• Degrees Offered: Skills Certifications.

  • Costs: Vary by institution but ~$33,000 total.

  • Timeline: 18-24 months (does not include potential apprenticeship time). Students can start apprenticeships in high school, usually as early as 16 and so may be eligible for employment as soon as high school graduation. (Note: many apprenticeships still require students to compete their high school courses in addition to working in the apprenticeship and possibly taking college courses)

  • Financial Aid and Scholarships: May be available.

  • Athletics: Not available.

  • Career Outlook: Check specific institutions for their job placement rate. However, those who graduate Trades or Apprenticeship programs are usually immediately hired in gainful employment as these training institutions focus on specific skill development targeted to several growing industries.

  • Examples of types of careers a Trade School or Apprenticeship Program supports: Professional blue-collar: Cosmetologist, Chef, Plumber, Electrician, Cyber-Security, IT, Carpentry, Automotive and Aeronautical Maintenance, Phlebotomist, EMT.


Military

  • Degrees Offered:

  • Military Academies: Bachelor’s, Masters, PhD.

  • Enlisted: Depends on willingness of participant to pursue higher education (Paid for by the GI bill).

  • Special Note: Military training is the most advanced on-the-job training available today. While a specific degree may not be offered, skill development and experience is taken into account for veterans seeking civilian employment.

  • Costs:

  • Service Academies: Varies by institution.

  • Enlisted: Free.

  • Timeline:

  • Service Academies and ROTC programs: Typically 4 years, then a minimum of 4-8 year contracted time in a military branch.

  • Enlisted: Minimum 4 year contract.

  • Financial Aid and Scholarships: Financial Aid: Yes. Tuition for Service Academies and ROTC programs is free with a post-graduation military commitment, though entrance is highly competitive. Check with each individual program for details.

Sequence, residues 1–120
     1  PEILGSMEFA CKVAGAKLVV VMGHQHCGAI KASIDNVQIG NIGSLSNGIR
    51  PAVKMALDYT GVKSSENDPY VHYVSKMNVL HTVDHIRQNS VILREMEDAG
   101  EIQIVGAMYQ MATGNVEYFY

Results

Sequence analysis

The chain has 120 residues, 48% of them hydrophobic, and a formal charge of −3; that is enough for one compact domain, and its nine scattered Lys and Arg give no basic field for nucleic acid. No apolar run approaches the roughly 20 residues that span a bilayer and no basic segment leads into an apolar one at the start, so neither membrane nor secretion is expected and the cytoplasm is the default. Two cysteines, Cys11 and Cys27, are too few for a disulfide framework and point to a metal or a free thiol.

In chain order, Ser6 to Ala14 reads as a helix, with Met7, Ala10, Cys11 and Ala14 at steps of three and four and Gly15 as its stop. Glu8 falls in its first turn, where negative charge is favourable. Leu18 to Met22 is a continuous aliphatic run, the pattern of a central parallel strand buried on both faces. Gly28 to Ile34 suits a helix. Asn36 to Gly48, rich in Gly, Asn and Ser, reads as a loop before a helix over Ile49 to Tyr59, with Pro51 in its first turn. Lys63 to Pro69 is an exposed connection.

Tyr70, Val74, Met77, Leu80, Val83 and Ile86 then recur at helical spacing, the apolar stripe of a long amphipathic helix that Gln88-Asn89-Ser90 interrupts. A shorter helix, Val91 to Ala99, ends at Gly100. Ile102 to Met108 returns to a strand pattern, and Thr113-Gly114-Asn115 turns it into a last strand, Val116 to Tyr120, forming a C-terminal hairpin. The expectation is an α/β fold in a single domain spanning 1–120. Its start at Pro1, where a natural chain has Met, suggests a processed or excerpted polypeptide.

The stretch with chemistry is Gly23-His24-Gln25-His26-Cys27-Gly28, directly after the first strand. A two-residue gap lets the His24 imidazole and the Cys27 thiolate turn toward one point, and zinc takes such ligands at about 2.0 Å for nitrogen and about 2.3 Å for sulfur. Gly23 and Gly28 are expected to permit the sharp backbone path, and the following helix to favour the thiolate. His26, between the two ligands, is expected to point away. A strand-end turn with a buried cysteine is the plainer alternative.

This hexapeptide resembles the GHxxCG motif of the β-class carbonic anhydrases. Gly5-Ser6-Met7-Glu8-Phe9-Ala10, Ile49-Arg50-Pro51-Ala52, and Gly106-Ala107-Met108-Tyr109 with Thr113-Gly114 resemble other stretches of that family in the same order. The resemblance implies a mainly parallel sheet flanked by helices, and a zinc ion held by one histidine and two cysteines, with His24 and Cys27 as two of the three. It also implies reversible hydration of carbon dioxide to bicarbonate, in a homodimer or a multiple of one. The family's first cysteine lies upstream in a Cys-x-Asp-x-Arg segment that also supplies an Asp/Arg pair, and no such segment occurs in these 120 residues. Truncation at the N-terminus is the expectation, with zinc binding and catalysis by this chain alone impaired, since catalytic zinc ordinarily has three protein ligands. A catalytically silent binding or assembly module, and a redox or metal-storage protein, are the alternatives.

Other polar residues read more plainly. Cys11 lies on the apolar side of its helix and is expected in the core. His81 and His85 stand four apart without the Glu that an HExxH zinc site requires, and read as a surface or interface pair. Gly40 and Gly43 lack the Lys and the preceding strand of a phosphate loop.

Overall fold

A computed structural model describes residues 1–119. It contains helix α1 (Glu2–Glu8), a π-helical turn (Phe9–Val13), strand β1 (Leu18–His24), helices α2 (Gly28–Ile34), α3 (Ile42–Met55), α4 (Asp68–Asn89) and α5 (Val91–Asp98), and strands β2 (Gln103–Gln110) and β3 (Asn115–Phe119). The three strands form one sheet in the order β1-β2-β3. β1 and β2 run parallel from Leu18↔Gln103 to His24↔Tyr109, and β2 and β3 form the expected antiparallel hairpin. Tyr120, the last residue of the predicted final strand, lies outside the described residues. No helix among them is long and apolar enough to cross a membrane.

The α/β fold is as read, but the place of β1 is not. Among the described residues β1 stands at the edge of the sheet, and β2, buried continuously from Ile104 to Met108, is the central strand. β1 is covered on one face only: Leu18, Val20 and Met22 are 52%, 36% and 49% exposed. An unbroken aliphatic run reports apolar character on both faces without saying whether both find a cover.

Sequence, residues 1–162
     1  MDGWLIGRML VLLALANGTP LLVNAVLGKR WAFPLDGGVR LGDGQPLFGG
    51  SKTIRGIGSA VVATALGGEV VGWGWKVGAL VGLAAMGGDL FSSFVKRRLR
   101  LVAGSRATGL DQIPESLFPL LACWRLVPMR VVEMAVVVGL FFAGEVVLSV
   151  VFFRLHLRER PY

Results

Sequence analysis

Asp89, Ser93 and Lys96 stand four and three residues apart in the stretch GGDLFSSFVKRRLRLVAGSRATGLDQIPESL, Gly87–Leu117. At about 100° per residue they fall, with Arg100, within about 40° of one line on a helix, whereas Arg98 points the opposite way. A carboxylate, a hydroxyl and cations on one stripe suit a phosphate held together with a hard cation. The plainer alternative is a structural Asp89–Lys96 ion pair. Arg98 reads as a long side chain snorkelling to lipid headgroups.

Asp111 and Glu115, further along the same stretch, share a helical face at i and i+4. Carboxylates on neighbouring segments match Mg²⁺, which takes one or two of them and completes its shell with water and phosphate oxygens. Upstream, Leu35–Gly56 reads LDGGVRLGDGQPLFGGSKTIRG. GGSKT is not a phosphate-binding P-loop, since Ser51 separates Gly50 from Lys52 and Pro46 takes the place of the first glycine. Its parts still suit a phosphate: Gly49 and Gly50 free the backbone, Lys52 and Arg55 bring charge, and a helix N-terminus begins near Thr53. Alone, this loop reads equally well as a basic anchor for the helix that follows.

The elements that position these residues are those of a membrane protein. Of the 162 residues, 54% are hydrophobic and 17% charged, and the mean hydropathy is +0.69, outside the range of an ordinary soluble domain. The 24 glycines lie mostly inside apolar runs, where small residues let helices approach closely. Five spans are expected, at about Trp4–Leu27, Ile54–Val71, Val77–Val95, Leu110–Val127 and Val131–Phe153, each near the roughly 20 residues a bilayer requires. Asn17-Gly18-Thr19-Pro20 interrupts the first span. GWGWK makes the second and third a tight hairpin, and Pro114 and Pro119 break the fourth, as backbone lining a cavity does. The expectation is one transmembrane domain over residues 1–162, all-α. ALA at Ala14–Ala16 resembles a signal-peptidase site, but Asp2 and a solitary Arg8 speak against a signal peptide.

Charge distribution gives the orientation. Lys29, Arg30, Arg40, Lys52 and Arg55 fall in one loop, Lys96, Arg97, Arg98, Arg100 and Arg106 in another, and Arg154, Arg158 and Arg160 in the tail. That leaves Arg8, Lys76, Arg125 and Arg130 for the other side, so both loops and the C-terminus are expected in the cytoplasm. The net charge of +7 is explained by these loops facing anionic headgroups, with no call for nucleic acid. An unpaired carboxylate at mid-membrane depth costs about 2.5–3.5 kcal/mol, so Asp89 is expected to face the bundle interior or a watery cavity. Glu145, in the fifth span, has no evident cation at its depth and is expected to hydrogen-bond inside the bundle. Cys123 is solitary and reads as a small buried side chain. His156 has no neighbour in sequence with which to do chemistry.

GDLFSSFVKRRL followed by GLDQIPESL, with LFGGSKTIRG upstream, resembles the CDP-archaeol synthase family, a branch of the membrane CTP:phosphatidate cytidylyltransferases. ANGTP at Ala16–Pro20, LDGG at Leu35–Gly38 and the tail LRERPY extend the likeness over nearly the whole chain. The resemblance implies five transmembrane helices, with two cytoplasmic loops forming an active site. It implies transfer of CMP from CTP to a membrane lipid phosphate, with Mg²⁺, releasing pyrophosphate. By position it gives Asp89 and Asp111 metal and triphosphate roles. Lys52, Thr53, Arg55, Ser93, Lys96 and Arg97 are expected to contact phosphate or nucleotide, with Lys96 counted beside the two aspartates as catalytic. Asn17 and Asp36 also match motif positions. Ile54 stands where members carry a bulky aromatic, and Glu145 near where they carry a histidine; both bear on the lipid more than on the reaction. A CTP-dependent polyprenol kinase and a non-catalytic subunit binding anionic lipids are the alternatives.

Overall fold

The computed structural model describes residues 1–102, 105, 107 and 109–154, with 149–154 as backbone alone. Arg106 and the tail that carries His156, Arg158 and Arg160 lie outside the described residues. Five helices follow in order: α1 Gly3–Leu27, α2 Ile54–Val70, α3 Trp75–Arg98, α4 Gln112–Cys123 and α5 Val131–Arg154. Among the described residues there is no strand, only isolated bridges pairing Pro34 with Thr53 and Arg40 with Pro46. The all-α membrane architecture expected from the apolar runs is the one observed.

• Athletics:

  • Service Academies and ROTC: Available. Sports supported varies.

  • Enlisted: Unavailable formally, though intramurals are popular.

  • Career Outlook: Undefinable. Entering the military guarantees an opportunity for a life-long career within the chosen branch. Veterans enjoy a higher job placement rate than non-veterans. If a degree is secured, either in or out of the military, employability rises.

  • Examples of types of careers the Military supports: Any career in the civilian world is prepared for with state-of-the-art training which leads to unmeasurable employment opportunities (yes, there are cosmetologists, veterinarians, plumbers, mechanics, administrators, and even chefs.)


Gap Season:

  • Degrees Offered: Skills Certifications.

  • Costs: Varies by type of program.

  • Timeline: Anywhere from 3 months to a full year.

  • Financial Aid and Scholarships: May be available.

  • Athletics: Not formally, but may be available as part of the experience.

  • Career Outlook: Depends greatly on the type of program and the desired future career.

  • Examples of types of careers a Gap Season experience supports: Varies greatly. Use this sample list of program types to learn more.


Combining Pathways

  • There is no rule that states teens have to choose only one pathway and stick to it. In fact, teens can save money and gain a much more comprehensive perspective of a future career and how they might fit by combining multiple pathways. The pathways of combining options can be as varied as each teen.

  • Here are a few examples:

  • High school Apprenticeship Program + Trade School Program.

  • Community College Associate’s degree or 2 + 2 program ( a program where students have a full 4-year plan with a partner university that partners with the community college. They complete 2 years at a community college (earning an Associate’s degree) then are guaranteed entrance into the partner university program.)

  • Military Enlistment (4 year minimum, free) + 4-year college (paid for).

  • Post-high school summer immersion program (Gap Season) + 4-Year College on ROTC Scholarship + Military Service as a Translator.


Planning for a successful future after high school is complicated. That’s why the teens we know need us to be willing to help them clarify what’s important to them, teach them to identify potential careers based on their interests, and equip them to explore all their options.


For more on this, please check out the other blogs I have written as well as my latest book, College Is Not Mandatory: A Parent’s Guide to Navigating All the Options Available to Our Kids After High School.


Don’t want to do this alone? Check out the custom post-graduation experiences I offer for teens and educators.